Now, I know executing a "declaration of principles" that entails a long term, open ended (perhaps permamnent) commitment of troops in exchange for "preferential treatment" for investments sure sounds like a treaty—or at least like an agreement. But the American President and the Iraqi Prime Minister assure us this isn't so.

The Bush administration has apparently put some real "hard work" into the negotiations with the al-Maliki government since November. The Washington Post report of March 6th relates how "U.S. officials are traveling to Baghdad this week with drafts of two documents — a status-of-forces agreement and a separate “strategic framework” — that they expect to sign with the Iraqi government by the end of July."

Certain members of Congress have apparently questioned President Bush's assumption of unregulated power (positing that this might be their role in our government) and have asked to actually see these agreements. Some have gone so far as to opine that these agreements require their oversight and approval before they are signed. They argue that when something looks like a treaty and functions like a treaty ... it's a treaty. And there's this matter of the Constitution.

You'll never guess how the Bush League responded.

The Bush administration's Assistant Secretary of State Jeffrey T. Bergner responded to Congressional demands that the administration submit the newest agreement documents (you know —treaties) for their approval, by saying that all the Congressional approval needed for these agreements was already in place —by virtue of the measures passed in the weeks following September 11th and the 2002 authorization for the use of force against Saddam Hussein.

That's right, folks. The same authorization that the administration used as its premise for dispensing with Habeus Corpus and The First Ammendment, that justified circumventing FISA and a host of other laws, now disposes of Congressional authority over international treaty.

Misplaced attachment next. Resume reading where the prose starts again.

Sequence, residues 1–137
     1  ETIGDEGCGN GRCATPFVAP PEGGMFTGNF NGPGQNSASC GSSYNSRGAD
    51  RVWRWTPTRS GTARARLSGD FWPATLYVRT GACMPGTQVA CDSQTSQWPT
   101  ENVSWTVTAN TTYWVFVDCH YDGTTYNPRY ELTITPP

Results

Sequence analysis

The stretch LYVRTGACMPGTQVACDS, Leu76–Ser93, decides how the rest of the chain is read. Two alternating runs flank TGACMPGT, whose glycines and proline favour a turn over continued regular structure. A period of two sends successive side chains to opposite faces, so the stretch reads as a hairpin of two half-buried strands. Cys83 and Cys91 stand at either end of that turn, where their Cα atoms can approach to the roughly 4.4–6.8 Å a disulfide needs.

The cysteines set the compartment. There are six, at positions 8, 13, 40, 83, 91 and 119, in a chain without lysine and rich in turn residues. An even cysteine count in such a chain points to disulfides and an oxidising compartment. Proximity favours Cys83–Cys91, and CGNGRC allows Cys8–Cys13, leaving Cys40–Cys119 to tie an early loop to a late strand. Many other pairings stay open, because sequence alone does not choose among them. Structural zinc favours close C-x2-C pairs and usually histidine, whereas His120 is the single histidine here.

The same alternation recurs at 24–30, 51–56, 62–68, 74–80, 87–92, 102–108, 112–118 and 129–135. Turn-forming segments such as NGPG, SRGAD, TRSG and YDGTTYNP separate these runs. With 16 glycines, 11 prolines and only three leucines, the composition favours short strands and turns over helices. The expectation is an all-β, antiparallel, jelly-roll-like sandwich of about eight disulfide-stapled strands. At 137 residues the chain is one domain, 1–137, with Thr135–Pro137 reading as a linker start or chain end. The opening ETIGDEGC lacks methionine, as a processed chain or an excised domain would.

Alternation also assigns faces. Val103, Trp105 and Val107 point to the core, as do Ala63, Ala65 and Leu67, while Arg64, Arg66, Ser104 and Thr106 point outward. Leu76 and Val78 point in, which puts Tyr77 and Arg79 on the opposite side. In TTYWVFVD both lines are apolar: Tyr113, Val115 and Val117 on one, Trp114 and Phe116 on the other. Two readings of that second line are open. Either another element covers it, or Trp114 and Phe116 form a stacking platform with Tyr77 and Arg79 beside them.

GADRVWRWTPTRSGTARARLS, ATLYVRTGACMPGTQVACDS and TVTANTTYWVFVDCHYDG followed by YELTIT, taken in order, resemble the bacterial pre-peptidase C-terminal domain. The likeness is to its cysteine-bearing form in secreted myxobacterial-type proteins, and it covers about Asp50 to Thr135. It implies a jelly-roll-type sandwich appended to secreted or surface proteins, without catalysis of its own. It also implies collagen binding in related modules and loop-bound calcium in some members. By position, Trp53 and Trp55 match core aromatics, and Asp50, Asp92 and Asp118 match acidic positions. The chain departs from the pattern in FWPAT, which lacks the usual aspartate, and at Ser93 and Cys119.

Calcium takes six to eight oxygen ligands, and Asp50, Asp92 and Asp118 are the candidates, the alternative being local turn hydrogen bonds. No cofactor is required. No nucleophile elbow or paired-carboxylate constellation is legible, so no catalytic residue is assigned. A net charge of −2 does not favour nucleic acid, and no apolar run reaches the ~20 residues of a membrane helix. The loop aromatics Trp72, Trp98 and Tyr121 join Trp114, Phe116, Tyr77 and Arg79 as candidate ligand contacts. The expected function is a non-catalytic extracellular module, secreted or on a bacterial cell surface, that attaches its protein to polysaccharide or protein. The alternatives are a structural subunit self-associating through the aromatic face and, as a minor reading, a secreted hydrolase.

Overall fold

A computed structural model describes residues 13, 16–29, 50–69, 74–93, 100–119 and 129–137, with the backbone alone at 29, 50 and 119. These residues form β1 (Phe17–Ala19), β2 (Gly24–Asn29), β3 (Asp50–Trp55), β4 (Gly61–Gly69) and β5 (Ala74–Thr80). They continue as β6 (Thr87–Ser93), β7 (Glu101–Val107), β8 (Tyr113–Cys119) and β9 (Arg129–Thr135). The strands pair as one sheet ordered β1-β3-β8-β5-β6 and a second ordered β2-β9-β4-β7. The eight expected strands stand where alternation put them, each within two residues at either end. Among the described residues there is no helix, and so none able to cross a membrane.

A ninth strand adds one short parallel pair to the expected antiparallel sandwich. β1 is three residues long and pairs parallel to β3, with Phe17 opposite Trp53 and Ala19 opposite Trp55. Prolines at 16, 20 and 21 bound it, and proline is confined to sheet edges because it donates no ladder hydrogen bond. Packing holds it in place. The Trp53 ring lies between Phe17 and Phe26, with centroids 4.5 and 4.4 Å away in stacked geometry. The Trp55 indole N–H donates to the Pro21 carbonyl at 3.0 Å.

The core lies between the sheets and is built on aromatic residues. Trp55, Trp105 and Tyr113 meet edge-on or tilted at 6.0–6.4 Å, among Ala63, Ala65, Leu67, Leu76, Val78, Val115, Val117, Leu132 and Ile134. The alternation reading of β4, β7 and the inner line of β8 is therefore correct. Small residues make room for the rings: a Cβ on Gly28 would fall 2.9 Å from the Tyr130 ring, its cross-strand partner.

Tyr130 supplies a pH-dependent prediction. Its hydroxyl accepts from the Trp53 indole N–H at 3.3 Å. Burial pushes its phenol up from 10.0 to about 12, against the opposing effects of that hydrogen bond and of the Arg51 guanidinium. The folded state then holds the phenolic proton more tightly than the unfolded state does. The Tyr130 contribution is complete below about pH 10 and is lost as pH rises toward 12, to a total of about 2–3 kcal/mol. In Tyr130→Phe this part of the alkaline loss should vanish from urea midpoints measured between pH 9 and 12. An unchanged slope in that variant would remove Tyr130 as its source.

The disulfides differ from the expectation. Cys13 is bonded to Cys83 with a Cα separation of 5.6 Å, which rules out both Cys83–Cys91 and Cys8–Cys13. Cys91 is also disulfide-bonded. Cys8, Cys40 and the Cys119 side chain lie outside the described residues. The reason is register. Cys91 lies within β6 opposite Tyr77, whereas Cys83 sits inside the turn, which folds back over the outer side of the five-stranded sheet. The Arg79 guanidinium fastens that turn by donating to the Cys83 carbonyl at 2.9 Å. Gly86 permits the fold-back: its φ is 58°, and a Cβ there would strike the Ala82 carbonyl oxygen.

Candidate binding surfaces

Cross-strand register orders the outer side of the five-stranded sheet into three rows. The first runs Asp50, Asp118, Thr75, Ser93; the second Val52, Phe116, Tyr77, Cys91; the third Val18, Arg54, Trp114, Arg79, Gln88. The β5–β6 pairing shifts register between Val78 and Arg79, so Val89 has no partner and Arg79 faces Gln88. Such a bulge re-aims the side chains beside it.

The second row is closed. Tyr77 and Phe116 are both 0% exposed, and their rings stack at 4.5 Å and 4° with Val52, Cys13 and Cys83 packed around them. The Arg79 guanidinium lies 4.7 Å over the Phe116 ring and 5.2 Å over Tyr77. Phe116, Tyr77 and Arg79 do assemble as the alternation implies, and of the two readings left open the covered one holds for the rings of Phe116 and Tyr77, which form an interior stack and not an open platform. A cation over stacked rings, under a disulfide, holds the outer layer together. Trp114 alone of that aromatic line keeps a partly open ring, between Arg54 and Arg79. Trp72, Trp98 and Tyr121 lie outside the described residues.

In a letter to Rep. Gary L. Ackerman (D-N.Y.) —one of those meddlesome Congressmen— Assistant Secretary of State Bergner pointed to the language in the post 9/11 legislation granting the President powers “to prevent any future acts of international terrorism against the United States" as all the granted authority necessary to draft and execute these agreements without further Congressional involvement. He added further that "Congress expressly authorized the use of force to ‘defend the national security of the United States against the continuing threat posed by Iraq’”in 2002.

Maybe just to rub it in, Bergner pointed out that “Congress has repeatedly provided funding for the Iraq war.”

And so, as the imbecile monarch in 'Amadeus' observed, "There it is!"

With a six year old resolution, passed to express our common resolve in the face of terrorism, and another from five years ago that was meant to empower action against an impending immediate threat from Iraq —with these the administration gleans an understanding of unfettered authority for itself and obsolescence for the Constitutional concept of Congressional oversight.

It doesn't matter that members of Congress, time and again, have pointed out that these resolutions were never intended to relinquish all Constitutional authority—no—responsibility for Congressional oversight of the President, his administration and their actions. No, it doesn't matter what Congress or the country intended with their actions. What matters, says George W. Bush, is what he can take them to mean.

Change of scene...

As the terse message arrives for those bothersome Congressional meddlers, the president meets in the White House Rose Garden with the man he feels "is a president" —a man "who will bring determination" to the course he has set out for this country in Iraq. John McCain has offered "fifty, a hundred, maybe a thousand years" of such determination. "He's a president," Mr. Bush observes.

And if the American people and Congress don't happen to agree when that quadrennial "accountability moment" we call an election comes along —what with the agreements George Bush has committed us to, the hole he's gone and dug and the bases he's gone and built —heck, it really doesn't matter.

I think I hear laughter.